Participants interested in tackling urban mobility challenges will want to take note of MIT Engineering Prof. Marta González’s talk. She will show how a novel individual mobility modeling framework, TimeGeo, infers travel demand profiles and estimates travel times across five different cities. According to her framework, the percentage of time lost in congestion is a function of the proportion of vehicular travel demand to road infrastructure capacity, and is closely tied to spatial density and choices of drivers. Her talk will include a discussion about the feasibility of smart routing applications. Her modeling framework could be of tremendous help in Bogotá, where car traffic has doubled in the last 10 years. According to Colombia Reports, cars have increased from half a million in 2002 to 1.25 million in 2012, with average commuting time clocked at 72 minutes in 2012.

    On the social physics side, MIT Sloan Prof. Alex (Sandy) Pentland, who is director of MIT’s Human Dynamics Laboratory and the MIT Media Lab Entrepreneurship Program and co-leads the World Economic Forum Big Data and Personal Data initiatives, will address how it’s sometimes more helpful to look at the relationships between people than to analyze people as individuals. With research examples, he will show how data from those relationships can be used to improve company productivity, increase marketing return, and improve the effectiveness of government policies. He also will discuss the privacy and security ramifications of big data analysis and how to handle big data ethically.

    Looking at finance issues, MIT Sloan Prof. Andrew Lo will examine how recent technological advances in computing, data storage and handling, and trading have revolutionized the financial industry, increasing liquidity, lowering costs, and creating many new opportunities. At the same time, he says that those innovations have launched a growing technological “arms race,” which produces winners and losers. Examples include high frequency traders vs. slow moving investors, quantitative algorithms vs. fundamental analysts, and robo-advisors vs. human advisors. In his talk, Prof. Lo will describe how big data is transforming investing from a business decision into a computational problem, and the pros and cons of this new environment.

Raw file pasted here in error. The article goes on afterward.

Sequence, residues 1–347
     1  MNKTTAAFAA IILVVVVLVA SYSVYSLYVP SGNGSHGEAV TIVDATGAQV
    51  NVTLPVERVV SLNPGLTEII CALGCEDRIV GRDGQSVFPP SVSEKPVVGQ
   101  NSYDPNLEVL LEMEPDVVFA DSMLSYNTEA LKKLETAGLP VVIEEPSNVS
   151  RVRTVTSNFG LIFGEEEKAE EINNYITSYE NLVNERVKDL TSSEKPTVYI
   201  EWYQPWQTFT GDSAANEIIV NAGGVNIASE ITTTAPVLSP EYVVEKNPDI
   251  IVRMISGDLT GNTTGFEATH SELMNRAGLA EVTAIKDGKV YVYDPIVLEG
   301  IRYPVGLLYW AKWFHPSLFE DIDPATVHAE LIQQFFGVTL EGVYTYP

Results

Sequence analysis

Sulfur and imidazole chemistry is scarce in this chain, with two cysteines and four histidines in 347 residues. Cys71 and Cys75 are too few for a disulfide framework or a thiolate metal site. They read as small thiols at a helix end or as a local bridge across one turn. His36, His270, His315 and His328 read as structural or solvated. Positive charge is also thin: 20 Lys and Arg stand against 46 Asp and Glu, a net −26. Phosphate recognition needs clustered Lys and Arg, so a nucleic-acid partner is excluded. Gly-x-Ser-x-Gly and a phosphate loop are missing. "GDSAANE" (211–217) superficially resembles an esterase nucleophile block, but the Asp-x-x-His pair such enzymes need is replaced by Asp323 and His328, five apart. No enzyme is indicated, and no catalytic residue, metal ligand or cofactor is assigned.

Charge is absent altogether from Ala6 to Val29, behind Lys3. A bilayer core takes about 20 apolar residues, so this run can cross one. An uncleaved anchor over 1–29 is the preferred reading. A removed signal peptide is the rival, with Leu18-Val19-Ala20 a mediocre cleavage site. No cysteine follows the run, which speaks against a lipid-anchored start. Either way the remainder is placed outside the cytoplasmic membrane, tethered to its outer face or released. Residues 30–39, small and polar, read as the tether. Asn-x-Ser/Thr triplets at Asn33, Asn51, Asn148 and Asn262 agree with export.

For participants interested in learning how to partner with universities to use big data, Elizabeth Bruce, executive director of the MIT Institute for Data, Systems, and Society will discuss what it takes for those relationships to be successful. She also will discuss how big data allows us to discover new patterns, and how these patterns can be applied to make better predictions and better decisions across all fields from healthcare to smart cities to energy.

    Other speakers at the conference include David Capodilupo, executive director of the MIT Sloan Office of International Programs, and Simón Gaviria, general director of the Colombia Department of National Planning.

    Latin America is currently experiencing a perfect storm with volatility in the global economy and low prices of natural resources like gas and copper. Some local currencies have been devalued more than one-third and many countries are facing high unemployment rates. This is the time to come together and discuss cutting-edge ideas and learn how big data can make a real difference for businesses and governments.

    Lee Ullmann is the director of the MIT Sloan Latin America Office, which is organizing the Bogotá conference.


    MIT Sloan Newsroom
    April 20, 2016

    CAMBRIDGE, Mass., April 20, 2016 – The vast amount of data produced globally holds significant value, granting access to deeper information than ever before across all industries. Investing in tools and talent to harness this data creates a catalyst for greater productivity and profitability. To learn how cutting-edge ideas can change the way information is used for the betterment of the world, MIT’s Sloan School of Management is hosting a regional conference in Bogotá, Colombia on May 26 called, “Big Data: Shaping the Future of Latin America.”

    MIT Sloan Prof. Roberto Rigobon, faculty chair of the conference, says, “Data analytics is the new source of comparative advantage. To tap into it, companies need to develop skills and managerial practices that put data at the forefront of decision making. This conference provides an opportunity to learn more about the value of big data and work together to forge our shared knowledge and connections to create sustainable and profitable initiatives that serve Latin America.”